2010 Budget Camera Shootout Review
Canon PowerShot SD1300 IS Digital ELPH
The PowerShot SD1300 is Canon's latest entry-level digital ELPH. I've long been a fan of these models, as they offer good photo quality and features in a compact, stylish body. The SD1300 doesn't go overboard in the gimmick department, instead offering a solid set of well-implemented basic features. The SD1300 is available in a rainbow of colors, including silver, brown, green, pink, and blue.
The PowerShot SD1300 is known as the IXUS 105 in some countries.
You'll find the following items inside the PowerShot SD1300's box:
- The 12.1 effective Megapixel PowerShot SD1300
- NB-6L lithium-ion battery
- Battery charger
- Wrist strap
- USB cable
- A/V cable
- CD-ROM featuring Canon Digital Camera Solution
- 35 page basic manual (printed) + full manual (on CD-ROM)
The SD1300 does not have built-in memory, nor does it come with a memory card. That means that you'll need to supply your own. The camera is compatible with a plethora of cards, including SD, SDHC, SDXC, MMC, MMCplus, and HC MMCplus. I'd recommend sticking with an SD or SDHC card, with 2GB being more than adequate for most people. There's no need to spend extra money on a high speed card for the SD1300.
The camera uses the familiar NB-6L lithium-ion battery, which allows you to take a respectable 240 shots per charge. The battery is charged via an external charger in less than two hours.
Canon continues to have one of the best software bundles on the market. The SD1300 comes with the following applications, all of which work on Macs and PCs:
- CameraWindow: Transfers photos to your computer and adjusts basic camera settings
- Image/ZoomBrowser (Mac/Windows): A very good photo organizing and editing tool by bundled software standards. Editing tools include Auto Adjustment, redeye correction, color/brightness/sharpness adjustment, and movie editing. Photos can also be printed, e-mailed, uploaded to YouTube, or burned onto a CD or DVD.
- PhotoStitch: Combines several photos into a single, panoramic image
The documentation scene isn't great. There's a printed "basic" manual in the box to get you started, but if you want more detail, you'll have to open up the full manual, which is in PDF format on an included CD-ROM. The quality of the manuals is average: there are lots of confusing tables and "fine print" to wade through.
Look and Feel
The PowerShot SD1300 is a stylish and ultra-compact camera with a body constructed mostly of metal. Build quality is good for the most part, though the door over the battery/memory compartment is quite flimsy, and I'm never a fan of a plastic tripod mount. The camera's controls are logically laid out, though I found that my thumb rested on several buttons, which can lead to accidental setting changes if you're not careful. Speaking of being careful, it's very easy to block the flash with the fingers of your left hand, so watch out!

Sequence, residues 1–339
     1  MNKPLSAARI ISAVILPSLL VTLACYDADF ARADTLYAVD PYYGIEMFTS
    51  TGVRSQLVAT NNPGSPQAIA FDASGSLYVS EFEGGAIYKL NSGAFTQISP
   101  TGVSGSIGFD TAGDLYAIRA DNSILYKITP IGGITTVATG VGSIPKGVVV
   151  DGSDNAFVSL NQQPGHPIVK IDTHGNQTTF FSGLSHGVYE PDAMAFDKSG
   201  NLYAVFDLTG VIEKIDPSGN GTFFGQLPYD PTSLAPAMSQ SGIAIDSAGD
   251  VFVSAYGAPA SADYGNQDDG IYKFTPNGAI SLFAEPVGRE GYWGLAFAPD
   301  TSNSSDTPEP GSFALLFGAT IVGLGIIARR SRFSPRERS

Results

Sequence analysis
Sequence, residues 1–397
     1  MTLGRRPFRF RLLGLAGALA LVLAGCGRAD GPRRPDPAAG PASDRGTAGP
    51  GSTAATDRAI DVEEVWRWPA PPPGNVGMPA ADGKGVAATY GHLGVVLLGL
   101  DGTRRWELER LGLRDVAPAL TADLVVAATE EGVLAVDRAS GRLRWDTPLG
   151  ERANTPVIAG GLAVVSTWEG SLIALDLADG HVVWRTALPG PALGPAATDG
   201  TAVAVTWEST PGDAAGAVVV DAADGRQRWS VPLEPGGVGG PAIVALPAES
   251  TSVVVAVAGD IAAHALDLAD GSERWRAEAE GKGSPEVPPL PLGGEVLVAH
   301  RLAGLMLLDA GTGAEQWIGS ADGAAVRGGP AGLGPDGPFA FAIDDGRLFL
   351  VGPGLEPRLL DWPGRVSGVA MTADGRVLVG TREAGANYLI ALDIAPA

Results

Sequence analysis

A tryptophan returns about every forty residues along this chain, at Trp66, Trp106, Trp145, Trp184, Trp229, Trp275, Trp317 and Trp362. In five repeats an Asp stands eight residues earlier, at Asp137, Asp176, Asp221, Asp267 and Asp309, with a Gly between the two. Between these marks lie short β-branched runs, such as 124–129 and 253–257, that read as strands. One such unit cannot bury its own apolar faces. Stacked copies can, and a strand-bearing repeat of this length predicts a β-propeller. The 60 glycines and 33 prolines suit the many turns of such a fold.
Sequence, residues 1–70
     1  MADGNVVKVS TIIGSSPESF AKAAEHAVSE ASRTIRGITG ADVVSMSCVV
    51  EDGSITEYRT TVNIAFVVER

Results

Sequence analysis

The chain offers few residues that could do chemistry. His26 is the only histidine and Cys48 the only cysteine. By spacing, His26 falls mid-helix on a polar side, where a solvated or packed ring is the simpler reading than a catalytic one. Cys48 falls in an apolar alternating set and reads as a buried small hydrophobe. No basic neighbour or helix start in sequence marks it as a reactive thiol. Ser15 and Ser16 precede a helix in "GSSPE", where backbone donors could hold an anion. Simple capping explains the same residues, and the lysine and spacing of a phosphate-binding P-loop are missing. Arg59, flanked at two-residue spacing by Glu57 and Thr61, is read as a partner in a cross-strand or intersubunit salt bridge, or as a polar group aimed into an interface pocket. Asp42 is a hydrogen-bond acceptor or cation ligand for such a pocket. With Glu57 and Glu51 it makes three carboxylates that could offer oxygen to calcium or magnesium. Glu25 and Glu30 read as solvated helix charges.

The SD1300 is available in blue, silver, pink, green, and brown.
The SD1300 features an F2.8-5.9, 4X optical zoom lens. The focal range of the lens is 5 - 20 mm, which is equivalent to 28 - 112 mm. The SD1300 is one of only two cameras in this comparison to sport optical image stabilization, which makes sharp photos a lot more likely, especially in low light situations. The IS system can also be used to smooth out your movies.
To the upper-right of the lens is a built-in flash, which has a working range of 0.3 - 4.0 m at wide-angle and 0.5 - 2.0 m at telephoto. That's about average for this group. Should you want more flash power, you can attach the external slave flash that Canon offers as an accessory. The SD1300 is the only camera in the group to offer a flash as an accessory.
Other items on the front of the camera include an AF-assist lamp and a monaural microphone.
On the back of the camera is a 2.7" LCD display with 230,000 pixels -- the same resolution as all the other cameras in this test. I found the screen to be sharp, bright, and easy to see in bright outdoor light. Low light visibility was among the best in the group.
As with all of the other cameras in this article, the PowerShot SD1300 lacks an optical viewfinder.
Buttons here are for entering playback mode or the menu system, and toggling the information displayed on the LCD on and off. The four-way controller allows easy access to exposure compensation, focus and flash settings, and the self-timer. The center button on the controller opens up the Function menu, which allows you to quickly adjust things like exposure compensation, white balance, ISO sensitivity, image size/quality, and more.
On the top of the camera you'll find the power and shutter release buttons, the speaker, and the zoom controller. The zoom controller (which wraps around the shutter release) moves the lens from wide-angle to telephoto in 1.4 seconds. I counted ten steps in the camera's 4X zoom range.